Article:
According to another aspect of the invention, there is provided an x-ray cassette. The x-ray cassette includes a shell comprising an upper and lower panel, a first and second side member, and a front end member, the first and second side members and front end member joining the upper and lower panels to define a cavity; a storage phosphor assembly adapted to be removably contained within the cavity; and a corner element. The corner element comprises (a) an upper and lower corner channel for receiving, respectively, the upper and lower panels, the upper corner channel being parallel to the lower corner channels; (b) a first leg adapted to mate with the first or second side member, the first leg having an inclined element integrally formed therewith which is disposed adjacent to the storage phosphor assembly when the storage phosphor assembly is contained within the cavity, the inclined element forming an acute angle relative to the first leg; and (c) a second leg adapted to mate with the front end member of the x-ray cassette, the second leg being perpendicular to the first leg.
BRIEF DESCRIPTION OF THE DRAWINGS
The present invention provides a cassette which has increased durability and which shields the storage phosphor from exposure by ambient light.
The foregoing and other objects, features, and advantages of the invention will be apparent from the following more particular description of the preferred embodiments of the invention, as illustrated in the accompanying drawings.
FIG. 1 shows a perspective view of a storage phosphor cassette in accordance with the present invention.
FIG. 2 shows a bottom view of the cassette of FIG. 1.
FIG. 3 shows a top view of the storage phosphor assembly of the cassette of FIG. 1.
FIG. 4 shows a perspective view of an corner element in accordance with the present invention.
FIG. 5 shows another perspective view of the corner element of FIG. 4.
FIG. 6 shows a side view of the corner element of FIG. 4.
FIG. 7 shows a bottom view of the corner element of FIG. 4.
DETAILED DESCRIPTION OF THE INVENTION
FIG. 8 shows a perspective view of the x-ray cassette with the upper panel removed to show the arrangement of the corner element relative to the storage phosphor assembly contained within the shell of the x-ray cassette.
The following is a detailed description of the preferred embodiments of the invention, reference being made to the drawings in which the same reference numerals identify the same elements of structure in each of the several figures.
FIGS. 1-3 show a storage phosphor cassette 10 in accordance with the present invention. Cassette 10 includes a shell 12 comprising an upper panel 14, a lower panel 16, a first side member 18, a second side member 20, and a front end member 22. Upper and lower panels 14,16 are preferably rectangular in shape. First side member 18, second side member 20, and front end member 22 join upper and lower panels 14,16 to form a five-sided cavity having an open end 24.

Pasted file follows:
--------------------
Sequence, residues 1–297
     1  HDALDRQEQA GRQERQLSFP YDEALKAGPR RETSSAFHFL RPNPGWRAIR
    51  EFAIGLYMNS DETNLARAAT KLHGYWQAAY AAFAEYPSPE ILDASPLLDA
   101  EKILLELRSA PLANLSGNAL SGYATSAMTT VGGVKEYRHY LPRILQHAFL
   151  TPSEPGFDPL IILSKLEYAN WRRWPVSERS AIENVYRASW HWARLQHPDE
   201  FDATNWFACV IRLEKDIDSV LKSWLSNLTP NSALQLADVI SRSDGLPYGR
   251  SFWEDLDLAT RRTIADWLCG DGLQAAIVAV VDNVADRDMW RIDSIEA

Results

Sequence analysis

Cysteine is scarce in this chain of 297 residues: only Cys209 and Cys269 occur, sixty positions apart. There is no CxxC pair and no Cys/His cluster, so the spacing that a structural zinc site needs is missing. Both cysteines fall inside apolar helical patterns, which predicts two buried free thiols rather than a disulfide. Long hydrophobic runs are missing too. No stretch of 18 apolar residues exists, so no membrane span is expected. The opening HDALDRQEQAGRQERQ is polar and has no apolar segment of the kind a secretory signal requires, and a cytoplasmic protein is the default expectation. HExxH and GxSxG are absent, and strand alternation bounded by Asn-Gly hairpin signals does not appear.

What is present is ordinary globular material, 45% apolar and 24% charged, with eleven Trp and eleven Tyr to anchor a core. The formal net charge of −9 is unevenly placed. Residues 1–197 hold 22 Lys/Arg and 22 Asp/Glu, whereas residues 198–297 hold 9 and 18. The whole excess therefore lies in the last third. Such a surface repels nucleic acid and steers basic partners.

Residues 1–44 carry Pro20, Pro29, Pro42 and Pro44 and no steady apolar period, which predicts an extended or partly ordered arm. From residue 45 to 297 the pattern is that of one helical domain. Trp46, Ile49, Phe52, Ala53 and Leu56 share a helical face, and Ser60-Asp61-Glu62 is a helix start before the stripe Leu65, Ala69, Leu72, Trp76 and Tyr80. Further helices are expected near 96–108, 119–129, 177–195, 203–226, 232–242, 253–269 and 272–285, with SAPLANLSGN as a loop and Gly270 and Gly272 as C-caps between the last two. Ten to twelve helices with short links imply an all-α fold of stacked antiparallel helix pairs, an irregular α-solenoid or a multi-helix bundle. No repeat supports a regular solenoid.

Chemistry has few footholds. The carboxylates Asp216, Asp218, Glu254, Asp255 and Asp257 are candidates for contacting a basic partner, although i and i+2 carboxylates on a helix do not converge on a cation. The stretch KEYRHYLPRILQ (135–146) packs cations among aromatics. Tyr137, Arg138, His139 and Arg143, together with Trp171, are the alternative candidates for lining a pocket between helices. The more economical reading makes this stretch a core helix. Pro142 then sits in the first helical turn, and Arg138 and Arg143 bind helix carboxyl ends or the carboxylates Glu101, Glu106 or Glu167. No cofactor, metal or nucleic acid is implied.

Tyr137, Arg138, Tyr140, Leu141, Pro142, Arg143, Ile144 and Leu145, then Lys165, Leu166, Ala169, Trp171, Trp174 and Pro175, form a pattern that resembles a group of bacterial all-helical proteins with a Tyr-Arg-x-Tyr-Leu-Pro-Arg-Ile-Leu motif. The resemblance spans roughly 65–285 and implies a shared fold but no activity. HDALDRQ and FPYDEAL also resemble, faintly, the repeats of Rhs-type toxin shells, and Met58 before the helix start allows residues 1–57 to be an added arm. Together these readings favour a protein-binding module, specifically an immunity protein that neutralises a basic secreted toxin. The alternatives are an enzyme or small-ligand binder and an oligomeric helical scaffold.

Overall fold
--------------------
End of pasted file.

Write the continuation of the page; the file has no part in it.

Cassette 10 further includes a storage phosphor assembly 26 having a back end member 28, an insert plate 30 having an upper face, and a storage phosphor 32 disposed on the upper face of insert plate 30. The front end of insert plate 30 includes corners 68,70, which are preferably rounded.
Storage phosphor assembly 26 is removably contained within the cavity of shell 12 such that back end member 28 of storage phosphor assembly 26 closes off open end 24 of shell 12, thereby providing a light-tight enclosure for storage phosphor 32.
Back end member 28 of storage phosphor assembly 26 includes end portions 64,66. First and second side members 18,20 include a corner structure 60,62, respectively, which respectively engage end portions 64,66. Corner structures 60,62 can be integral with first and second side members 18,20, or as illustrated, can be separate corner pieces which are secured to first and second side members 18,20. End portions 64,66 and respective corner structures 60,62 have complimentary, interlocking configurations, such that, should cassette 10 be dropped and a force exerted on either corner structure 60,62, the force is transferred to storage phosphor assembly 26, forcing assembly 26 into shell 12.
To join first side member 18, second side member 20, and front end member 22 with upper and lower panels 14,16, at least one corner element 100 is employed. As illustrated in FIGS. 1 and 2, two corner elements 100 are employed, one at each end of front end member 22, to form two corners of cassette 10. Corner element 100 is more particularly shown in FIGS. 4-8. Corner element 100 includes a corner portion 101, an upper corner channel 102, a lower corner channel 104, a first leg 105, an inclined element 106, and a second leg 107.